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For our summer road trip, we borrowed this 1963 Corvette from North Fork Vintage Cars. (Photo Credit: David Benthal)

It takes a lot to drag us off the North Fork. So trust us when we say these new foodie destinations — reachable in about two hours or less — are good enough to make us put the top down and hit the highway.

A bacon haven in Glen Cove

In the five years between 2007 and 2012, chef Harry Schwartz had three heart attacks and was diagnosed with stomach cancer. He also started making his wife different flavors of bacon. Now in remission, he ran an idea to create a restaurant that served flavored, artisanal bacon by a friend. “They said they loved it,” Schwartz said. Garden of Bacon opened in Glen Cove in December.

So yes, a triple heart attack survivor is the genius behind a pork-centric restaurant. But Schwartz knows better than anyone that life is short, so you might as well indulge in some cherry maple-flavored bacon while you can. Schwartz says the not-too-sweet flavor, made with tart cherry juice, is a favorite of customers, who love it in the shop’s house-made BLTs and cubanos. 

The artisanal strips come in a range of flavors (Asian sesame, Buffalo BBQ), thicknesses and levels of spiciness, but ultimately, Schwartz said, it’s all about the bacon: “Even our hottest flavors, I want you to taste bacon first. I want the finish to be the flavor we created.”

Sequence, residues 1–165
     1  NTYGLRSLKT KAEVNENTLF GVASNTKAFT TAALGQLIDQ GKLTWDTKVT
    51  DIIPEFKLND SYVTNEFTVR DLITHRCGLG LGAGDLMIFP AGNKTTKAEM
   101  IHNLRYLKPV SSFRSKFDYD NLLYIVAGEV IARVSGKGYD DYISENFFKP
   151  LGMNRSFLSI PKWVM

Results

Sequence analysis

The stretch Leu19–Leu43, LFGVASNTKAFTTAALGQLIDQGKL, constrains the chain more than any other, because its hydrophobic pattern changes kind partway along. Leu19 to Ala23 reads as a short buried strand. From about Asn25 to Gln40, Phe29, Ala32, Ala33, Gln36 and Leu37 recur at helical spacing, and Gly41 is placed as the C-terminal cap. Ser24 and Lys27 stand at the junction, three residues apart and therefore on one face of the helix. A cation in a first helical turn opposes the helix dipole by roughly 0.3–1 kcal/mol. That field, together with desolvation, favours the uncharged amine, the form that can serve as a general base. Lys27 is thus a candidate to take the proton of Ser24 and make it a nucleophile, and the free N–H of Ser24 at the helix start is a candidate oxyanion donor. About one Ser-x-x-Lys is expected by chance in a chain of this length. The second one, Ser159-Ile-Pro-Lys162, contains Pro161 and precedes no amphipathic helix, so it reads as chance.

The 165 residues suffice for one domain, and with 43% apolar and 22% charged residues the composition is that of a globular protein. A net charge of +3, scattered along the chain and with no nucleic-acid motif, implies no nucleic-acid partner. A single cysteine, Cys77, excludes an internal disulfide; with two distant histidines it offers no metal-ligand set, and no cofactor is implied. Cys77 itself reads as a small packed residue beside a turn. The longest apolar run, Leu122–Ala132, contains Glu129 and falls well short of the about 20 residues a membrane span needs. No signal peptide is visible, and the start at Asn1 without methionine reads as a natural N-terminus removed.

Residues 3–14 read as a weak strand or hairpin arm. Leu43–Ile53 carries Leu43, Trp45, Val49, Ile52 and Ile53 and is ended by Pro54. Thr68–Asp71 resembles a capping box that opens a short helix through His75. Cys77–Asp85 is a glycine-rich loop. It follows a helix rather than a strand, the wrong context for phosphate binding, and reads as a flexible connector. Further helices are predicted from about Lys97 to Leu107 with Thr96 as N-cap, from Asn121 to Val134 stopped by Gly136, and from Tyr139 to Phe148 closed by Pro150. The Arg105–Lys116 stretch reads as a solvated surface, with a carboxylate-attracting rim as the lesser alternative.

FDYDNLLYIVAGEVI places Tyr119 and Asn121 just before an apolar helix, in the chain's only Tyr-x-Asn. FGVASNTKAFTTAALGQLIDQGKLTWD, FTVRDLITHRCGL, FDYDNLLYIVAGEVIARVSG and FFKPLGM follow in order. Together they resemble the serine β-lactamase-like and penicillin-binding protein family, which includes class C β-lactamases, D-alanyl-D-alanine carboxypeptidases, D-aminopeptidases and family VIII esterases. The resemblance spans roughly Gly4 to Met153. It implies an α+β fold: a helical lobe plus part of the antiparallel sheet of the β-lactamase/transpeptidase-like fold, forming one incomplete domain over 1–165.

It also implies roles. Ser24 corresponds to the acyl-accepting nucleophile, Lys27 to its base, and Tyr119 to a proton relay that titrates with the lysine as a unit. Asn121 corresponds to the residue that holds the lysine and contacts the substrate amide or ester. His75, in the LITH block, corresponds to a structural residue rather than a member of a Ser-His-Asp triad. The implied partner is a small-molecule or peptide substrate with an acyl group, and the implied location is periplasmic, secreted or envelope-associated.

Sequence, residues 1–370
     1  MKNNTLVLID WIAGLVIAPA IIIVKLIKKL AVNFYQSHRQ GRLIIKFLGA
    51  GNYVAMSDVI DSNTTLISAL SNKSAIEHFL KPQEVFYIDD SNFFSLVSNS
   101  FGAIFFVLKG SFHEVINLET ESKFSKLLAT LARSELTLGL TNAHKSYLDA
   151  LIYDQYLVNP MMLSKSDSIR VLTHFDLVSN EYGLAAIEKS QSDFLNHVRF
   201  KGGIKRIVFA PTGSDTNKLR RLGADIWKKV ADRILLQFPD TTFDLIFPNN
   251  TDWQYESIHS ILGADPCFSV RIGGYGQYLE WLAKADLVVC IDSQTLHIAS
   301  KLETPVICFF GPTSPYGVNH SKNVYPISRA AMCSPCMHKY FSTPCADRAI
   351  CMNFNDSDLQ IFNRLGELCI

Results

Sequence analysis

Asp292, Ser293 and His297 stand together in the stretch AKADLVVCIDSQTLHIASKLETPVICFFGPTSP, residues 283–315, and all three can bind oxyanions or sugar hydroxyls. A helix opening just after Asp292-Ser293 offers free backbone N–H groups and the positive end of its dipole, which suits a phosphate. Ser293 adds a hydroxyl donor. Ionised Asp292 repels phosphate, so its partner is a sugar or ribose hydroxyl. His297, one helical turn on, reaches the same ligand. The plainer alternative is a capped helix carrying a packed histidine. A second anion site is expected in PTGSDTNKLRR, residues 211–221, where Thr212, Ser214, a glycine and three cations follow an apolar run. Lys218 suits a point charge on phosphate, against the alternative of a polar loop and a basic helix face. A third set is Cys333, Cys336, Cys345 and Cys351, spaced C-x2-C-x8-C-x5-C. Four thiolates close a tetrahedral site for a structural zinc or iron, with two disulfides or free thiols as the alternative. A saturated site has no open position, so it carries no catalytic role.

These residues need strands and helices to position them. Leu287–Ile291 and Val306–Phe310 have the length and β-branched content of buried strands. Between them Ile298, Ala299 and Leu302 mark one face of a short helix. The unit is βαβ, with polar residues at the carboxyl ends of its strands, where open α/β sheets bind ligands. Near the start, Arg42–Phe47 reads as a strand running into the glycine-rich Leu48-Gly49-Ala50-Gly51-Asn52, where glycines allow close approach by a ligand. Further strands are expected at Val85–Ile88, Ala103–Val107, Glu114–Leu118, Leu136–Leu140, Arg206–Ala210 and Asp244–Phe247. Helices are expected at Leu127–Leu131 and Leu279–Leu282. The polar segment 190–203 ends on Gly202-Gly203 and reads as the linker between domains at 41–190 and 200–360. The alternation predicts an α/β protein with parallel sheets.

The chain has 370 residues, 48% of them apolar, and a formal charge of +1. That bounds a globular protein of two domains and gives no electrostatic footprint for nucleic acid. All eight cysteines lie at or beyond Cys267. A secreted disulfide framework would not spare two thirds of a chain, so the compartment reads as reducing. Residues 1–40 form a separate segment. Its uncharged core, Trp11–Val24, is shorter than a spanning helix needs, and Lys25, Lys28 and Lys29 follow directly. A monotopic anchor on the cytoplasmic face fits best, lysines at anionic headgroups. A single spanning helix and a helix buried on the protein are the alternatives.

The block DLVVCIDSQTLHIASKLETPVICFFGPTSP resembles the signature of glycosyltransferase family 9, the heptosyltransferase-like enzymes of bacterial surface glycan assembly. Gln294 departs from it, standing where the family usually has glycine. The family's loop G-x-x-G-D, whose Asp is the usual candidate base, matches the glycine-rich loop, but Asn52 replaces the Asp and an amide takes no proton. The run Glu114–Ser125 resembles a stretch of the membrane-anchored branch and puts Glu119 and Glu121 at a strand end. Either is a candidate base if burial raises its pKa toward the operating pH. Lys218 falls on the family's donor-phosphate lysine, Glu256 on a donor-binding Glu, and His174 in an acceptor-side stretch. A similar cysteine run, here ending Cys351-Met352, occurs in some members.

Before you leave, pick up something to bring home to your pup: Gourmet bacon dog biscuits are available. — Beth Ann Mayer

Mexican with a twist in Mystic 

A ferry ride from Orient Point helps connect you to Rio Salado, a vibrant new spot for Mexican food in Mystic, Conn. “The ingredients are authentic to Mexican cuisine,” said executive chef Frances Medina, “but elevated with a modern twist.” 

The biggest twist may be the chef herself, who relishes upending expectations. “When people find out I’m a Puerto Rican woman rocking out super authentic Mexican food, there are always some surprising reactions,” said Medina. “It’s such a complex cuisine that I’m constantly learning new things and expanding my knowledge.” 

Order the chef’s favorite pairing of puerco de cochinita pibil, a dish from the Yucatán featuring pork slow braised in bitter orange and achiote, and Piña Asada, a cocktail of house-infused habanero tequila, lime, vanilla and grilled pineapple. Then, for after-dinner drinks or dessert, head to Mix at Sift, above Sift Bake Shop in downtown Mystic. The pretty new rooftop cocktail lounge is a summer dream. — Michelina Da Fonte

Puerto Rican chef Frances Media credits her love for Mexican food to time spent with a New York restaurant group. (Photo Credit: Courtesy of Rio Salado)

Authentic Italian from a familiar chef in Smithtown

If bagels are the unofficial breakfast food of Long Island, Italian is our region’s dinner of choice. But chef Marco Pellegrini has a secret for you: Most of it isn’t authentic. “If you travel to Italy today, you won’t find spaghetti and meatballs,” says Pellegrini. 

Pellegrini isn’t judging. But he would know what real Italian tastes like. He had a 26-year career as a chef in Italy before moving stateside about eight years ago. North Forkers will remember him: He served as the chef at Caci North Fork in Southold until it closed in 2018.